An aircraft was also previously built with a fuselage comprising a propulsion power unit for horizontal or level flitht and a single lifting rotor of relatively great diameter, said rotor being adapted to be controlled either for windmilling (i.e. free or auto-rotation), specially in level flight, or for direct coupling to an engine, specially for taking off and landing, so that these lastmentioned manoeuvres took place substantially vertically.
Another object of this invention is to provide an aircraft comprising a platform having at least one symmetry axis, a propulsion jet engine for level flight, disposed along the symmetry axis of said platform, and a number n of pairs of short bladed lifting rotors, the two rotors of each pair rotating in opposite directions and being disposed symmetrically in relation to the axis of said platform.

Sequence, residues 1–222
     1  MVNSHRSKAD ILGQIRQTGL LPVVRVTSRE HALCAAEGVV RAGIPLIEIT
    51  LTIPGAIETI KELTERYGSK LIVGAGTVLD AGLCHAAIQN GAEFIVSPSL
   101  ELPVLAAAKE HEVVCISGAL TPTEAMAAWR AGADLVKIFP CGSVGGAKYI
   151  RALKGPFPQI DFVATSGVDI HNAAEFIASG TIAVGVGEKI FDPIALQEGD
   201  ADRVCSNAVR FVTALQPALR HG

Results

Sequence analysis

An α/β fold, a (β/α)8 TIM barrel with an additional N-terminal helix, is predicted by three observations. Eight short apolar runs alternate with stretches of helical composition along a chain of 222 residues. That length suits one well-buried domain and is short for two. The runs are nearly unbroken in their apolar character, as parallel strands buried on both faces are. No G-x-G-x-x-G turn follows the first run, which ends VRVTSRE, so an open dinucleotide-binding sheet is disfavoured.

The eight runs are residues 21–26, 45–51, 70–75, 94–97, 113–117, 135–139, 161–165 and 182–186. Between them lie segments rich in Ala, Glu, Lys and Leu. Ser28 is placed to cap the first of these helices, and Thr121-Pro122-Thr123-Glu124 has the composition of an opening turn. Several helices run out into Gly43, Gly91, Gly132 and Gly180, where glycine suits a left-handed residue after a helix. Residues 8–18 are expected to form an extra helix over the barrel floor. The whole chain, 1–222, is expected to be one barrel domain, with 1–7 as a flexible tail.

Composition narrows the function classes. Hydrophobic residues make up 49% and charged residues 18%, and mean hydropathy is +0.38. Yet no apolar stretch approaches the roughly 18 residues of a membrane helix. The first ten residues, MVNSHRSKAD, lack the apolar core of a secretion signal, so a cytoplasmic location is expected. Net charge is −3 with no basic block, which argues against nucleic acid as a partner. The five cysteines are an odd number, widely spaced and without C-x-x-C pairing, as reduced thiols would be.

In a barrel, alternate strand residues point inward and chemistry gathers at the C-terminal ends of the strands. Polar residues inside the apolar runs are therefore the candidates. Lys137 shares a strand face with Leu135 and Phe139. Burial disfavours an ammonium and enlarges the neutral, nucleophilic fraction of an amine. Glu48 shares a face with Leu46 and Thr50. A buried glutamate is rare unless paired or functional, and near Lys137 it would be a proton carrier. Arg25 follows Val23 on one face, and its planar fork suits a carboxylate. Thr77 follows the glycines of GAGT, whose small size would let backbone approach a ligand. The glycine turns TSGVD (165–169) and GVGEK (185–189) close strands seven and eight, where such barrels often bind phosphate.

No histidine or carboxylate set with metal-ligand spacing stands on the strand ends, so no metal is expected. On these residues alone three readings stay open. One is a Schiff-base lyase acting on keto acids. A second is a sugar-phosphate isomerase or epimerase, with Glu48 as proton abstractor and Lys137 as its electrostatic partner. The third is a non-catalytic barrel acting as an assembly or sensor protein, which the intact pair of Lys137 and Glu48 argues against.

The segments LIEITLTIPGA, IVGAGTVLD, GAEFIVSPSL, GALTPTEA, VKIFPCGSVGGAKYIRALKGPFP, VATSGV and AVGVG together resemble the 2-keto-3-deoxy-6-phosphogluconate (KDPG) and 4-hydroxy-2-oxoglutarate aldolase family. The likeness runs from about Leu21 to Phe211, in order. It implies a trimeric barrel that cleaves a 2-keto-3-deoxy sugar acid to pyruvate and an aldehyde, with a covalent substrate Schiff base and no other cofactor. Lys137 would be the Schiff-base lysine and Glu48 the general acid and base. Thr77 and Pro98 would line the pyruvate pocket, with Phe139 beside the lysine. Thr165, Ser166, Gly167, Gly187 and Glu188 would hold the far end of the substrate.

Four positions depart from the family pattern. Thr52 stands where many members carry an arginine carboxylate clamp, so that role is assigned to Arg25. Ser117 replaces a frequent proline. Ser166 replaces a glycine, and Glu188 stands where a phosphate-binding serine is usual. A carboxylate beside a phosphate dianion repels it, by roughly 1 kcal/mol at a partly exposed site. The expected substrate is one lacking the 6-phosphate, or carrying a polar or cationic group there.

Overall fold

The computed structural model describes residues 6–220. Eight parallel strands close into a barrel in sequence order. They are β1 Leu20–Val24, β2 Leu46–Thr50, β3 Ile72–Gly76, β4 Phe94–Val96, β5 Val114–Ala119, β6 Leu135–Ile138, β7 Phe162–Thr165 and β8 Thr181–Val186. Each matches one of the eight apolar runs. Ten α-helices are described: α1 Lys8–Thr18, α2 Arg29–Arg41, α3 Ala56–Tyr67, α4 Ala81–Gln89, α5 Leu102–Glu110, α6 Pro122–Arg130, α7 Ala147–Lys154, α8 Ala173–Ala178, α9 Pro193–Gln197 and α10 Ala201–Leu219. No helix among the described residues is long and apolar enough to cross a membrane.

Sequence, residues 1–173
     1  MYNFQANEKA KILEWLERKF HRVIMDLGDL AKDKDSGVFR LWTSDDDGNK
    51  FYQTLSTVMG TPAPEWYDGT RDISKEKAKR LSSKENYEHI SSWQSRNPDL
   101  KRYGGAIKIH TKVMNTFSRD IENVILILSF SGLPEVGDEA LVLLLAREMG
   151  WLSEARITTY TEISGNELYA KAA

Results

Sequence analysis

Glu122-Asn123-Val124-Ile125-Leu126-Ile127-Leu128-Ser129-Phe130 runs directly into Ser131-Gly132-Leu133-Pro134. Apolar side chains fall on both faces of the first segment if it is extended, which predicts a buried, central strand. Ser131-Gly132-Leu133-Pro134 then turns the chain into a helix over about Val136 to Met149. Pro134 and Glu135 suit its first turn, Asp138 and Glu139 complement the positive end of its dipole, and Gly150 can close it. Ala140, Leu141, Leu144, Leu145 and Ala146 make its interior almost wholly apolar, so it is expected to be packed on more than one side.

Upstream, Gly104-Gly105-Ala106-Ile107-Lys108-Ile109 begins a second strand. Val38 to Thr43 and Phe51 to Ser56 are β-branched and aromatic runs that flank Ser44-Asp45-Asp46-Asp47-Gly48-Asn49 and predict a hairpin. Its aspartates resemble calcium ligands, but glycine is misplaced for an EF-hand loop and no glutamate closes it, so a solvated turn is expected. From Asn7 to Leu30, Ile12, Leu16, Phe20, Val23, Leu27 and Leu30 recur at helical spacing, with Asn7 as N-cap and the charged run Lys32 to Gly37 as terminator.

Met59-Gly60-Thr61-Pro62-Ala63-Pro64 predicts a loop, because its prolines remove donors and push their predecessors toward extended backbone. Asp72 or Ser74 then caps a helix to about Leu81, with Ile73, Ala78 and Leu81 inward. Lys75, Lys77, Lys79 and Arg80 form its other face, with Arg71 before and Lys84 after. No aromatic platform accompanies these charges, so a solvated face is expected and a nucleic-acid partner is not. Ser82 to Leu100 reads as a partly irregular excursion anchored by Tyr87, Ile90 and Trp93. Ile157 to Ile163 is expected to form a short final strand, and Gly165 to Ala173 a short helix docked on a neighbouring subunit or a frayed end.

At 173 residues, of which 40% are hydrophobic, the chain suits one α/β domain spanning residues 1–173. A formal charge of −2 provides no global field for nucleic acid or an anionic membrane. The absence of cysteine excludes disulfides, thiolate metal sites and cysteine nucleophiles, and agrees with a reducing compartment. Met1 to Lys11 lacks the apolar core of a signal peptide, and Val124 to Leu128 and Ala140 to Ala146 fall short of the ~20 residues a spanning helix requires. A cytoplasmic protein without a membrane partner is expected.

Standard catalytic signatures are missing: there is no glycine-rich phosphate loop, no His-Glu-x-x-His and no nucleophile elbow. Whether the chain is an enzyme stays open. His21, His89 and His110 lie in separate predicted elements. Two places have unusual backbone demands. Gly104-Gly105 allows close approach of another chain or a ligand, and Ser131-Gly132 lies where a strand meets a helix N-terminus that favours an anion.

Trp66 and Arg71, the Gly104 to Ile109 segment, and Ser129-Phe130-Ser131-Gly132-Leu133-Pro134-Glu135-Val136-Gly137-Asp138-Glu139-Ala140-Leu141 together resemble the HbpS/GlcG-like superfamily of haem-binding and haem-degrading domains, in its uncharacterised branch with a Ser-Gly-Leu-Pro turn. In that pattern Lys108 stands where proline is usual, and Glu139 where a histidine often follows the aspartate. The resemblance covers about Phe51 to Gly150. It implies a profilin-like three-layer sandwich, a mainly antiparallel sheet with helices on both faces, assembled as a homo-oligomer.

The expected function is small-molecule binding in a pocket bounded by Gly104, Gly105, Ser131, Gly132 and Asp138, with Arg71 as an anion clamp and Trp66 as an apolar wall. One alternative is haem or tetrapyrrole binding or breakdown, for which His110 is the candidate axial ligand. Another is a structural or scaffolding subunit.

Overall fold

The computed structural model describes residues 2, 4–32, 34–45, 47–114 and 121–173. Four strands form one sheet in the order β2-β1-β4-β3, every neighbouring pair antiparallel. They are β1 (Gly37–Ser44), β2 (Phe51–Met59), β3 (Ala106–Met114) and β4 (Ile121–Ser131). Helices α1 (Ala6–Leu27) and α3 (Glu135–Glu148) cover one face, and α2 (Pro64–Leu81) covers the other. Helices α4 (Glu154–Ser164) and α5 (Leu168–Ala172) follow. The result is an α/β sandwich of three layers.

With this arrangement, the aircraft according to the present invention can take off vertically, then start an accelerated level flight, like a helicopter; however, even before attaining the maximum level speed that can be impressed thereto by its lifting rotors coupled to their engines, the aircraft according to this invention can be powerfully accelerated by means of its levelflight jet engine, and then, when the aircraft level-flying speed has attained a sufficient value, the lifting rotors can be disconnected from the engines and allowed to rotate freely or windmilling like the rotor of an autogyro; however, it is preferable to maintain said rotors coupled to their respective engines, as will be explained hereinafter.
A further object of this invention is to provide an aircraft which, by virtue of its capacity of moving very rapidly in the three space dimension, is specially adapted for military purposes, such as observation, attack and defense, and also for various civil purposes, in the field of rapid transportation, specially sanitary transport, civil protection, agricultural applications, etc...